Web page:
the most researched and commonly
used behavioral interventions for
Many children affected by autism also
benefit from other interventions such
as speech and occupational therapy.
Developmental regression, or loss of
skills, such as language and social
interests, affects around 1 in 5 children
who will go on to be diagnosed with
autism and typically occurs between
ages 1 and 3.
20. Associated Challenges
An estimated one-third of people with autism are nonverbal.
31% of children with ASD have an intellectual disability (intelligence quotient [IQ]
<70) with significant challenges in daily function, 25% are in the borderline range (IQ
Nearly half of those with autism wander or bolt from safety.
Nearly two-thirds of children with autism between the ages of 6 and 15 have been
Nearly 28 percent of 8-year-olds with ASD have self-injurious behaviors. Head banging,
arm biting and skin scratching are among the most common.
Drowning remains a leading cause of death for children with autism and accounts for
approximately 90 percent of deaths associated with wandering or bolting by those age
14 and younger.
22. Associated Medical & Mental Health Conditions
Autism can affect the whole body.
Attention Deficient Hyperactivity Disorder (ADHD) affects an estimated 30 to 61
percent of children with autism.
More than half of children with autism have one or more chronic sleep problems.
Anxiety disorders affect an estimated 11 to 40 percent of children and teens on the
Depression affects an estimated 7% of children and 26% of adults with autism.
Children with autism are nearly eight times more likely to suffer from one or more
chronic gastrointestinal disorders than are other children.
As many as one-third of people with autism have epilepsy (seizure disorder).
Studies suggest that schizophrenia affects between 4 and 35 percent of adults with
autism. By contrast, schizophrenia affects an estimated 1.1 percent of the general
Autism-associated health problems extend across the life span – from young children to
senior citizens. Nearly a third (32 percent) of 2 to 5 year olds with autism are overweight
and 16 percent are obese. By contrast, less than a quarter (23 percent) of 2 to 5
year olds in the general population are overweight and only 10 percent are medically
Risperidone and aripiprazole, the only FDA-approved medications for autism-associated
agitation and irritability.
24. Caregivers & Families
On average, autism costs an estimated
$60,000 a year through childhood,
with the bulk of the costs in special
services and lost wages related to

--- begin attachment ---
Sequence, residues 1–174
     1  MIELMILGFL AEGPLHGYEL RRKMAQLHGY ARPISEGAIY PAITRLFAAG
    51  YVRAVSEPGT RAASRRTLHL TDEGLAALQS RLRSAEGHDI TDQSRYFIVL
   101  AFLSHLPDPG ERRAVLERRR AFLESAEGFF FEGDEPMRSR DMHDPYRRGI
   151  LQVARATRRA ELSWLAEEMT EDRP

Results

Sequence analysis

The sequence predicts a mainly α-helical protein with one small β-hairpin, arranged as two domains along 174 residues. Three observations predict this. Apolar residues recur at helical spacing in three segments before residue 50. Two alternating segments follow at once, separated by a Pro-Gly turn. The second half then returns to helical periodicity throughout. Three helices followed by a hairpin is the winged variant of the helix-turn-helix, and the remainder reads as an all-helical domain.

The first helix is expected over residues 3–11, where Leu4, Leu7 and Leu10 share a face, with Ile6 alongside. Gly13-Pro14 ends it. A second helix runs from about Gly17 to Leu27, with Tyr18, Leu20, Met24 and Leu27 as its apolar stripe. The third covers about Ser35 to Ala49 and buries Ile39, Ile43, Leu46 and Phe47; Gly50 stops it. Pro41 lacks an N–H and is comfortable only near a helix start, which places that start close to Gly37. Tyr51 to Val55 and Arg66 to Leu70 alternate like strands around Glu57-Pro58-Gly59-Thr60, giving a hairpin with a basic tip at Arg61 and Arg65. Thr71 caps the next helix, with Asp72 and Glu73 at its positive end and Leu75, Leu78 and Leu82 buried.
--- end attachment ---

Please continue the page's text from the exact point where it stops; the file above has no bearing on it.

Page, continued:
increased demands on one or both
parents. Costs increase with the
occurrence of intellectual disability.
Mothers of children with ASD, who
tend to serve as the child’s case
manager and advocate, are less likely
to work outside the home. On
average, they work fewer hours per
week and earn 56 percent less than
mothers of children with no health
limitations and 35 percent less than
mothers of children with other
disabilities or disorders.
26. Autism In Adulthood
Over the next decade, an estimated 500,000 teens (50,000 each year) will enter
adulthood and age out of school based autism services.
Teens with autism receive healthcare transition services half as often as those with other
special healthcare needs. Young people whose autism is coupled with associated medical
problems are even less likely to receive transition support.
Many young adults with autism do not receive any healthcare for years after they stop
seeing a pediatrician.
More than half of young adults with autism remain unemployed and unenrolled in higher
education in the two years after high school. This is a lower rate than that of young adults
in other disability categories, including learning disabilities, intellectual disability
or speech-language impairment.
Of the nearly 18,000 people with autism who used state-funded vocational rehabilitation
programs in 2014, only 60 percent left the program with a job. Of these, 80 percent
worked part-time at a median weekly rate of $160, putting them well below the poverty
Nearly half of 25-year-olds with autism have never held a paying job.
Research demonstrates that job activities that encourage independence reduce autism
symptoms and increase daily living skills.
28. Economic Costs
The cost of caring for Americans with autism
had reached $268 billion in 2015 and would
rise to $461 billion by 2025 in the absence of
more-effective interventions and support
across the life span.
The majority of autism’s costs in the U.S. are
for adult services – an estimated $175 to $196
billion a year, compared to $61 to $66 billion a
year for children.
On average, medical expenditures for children
and adolescents with ASD were 4.1 to 6.2
times greater than for those without autism.
Passage of the 2014 Achieving a Better Life
Experience (ABLE) Act allows tax-preferred
savings accounts for people with disabilities,
including autism, to be established by states.
Passage of autism insurance legislation in
48 states is providing access to medical
treatment and therapies.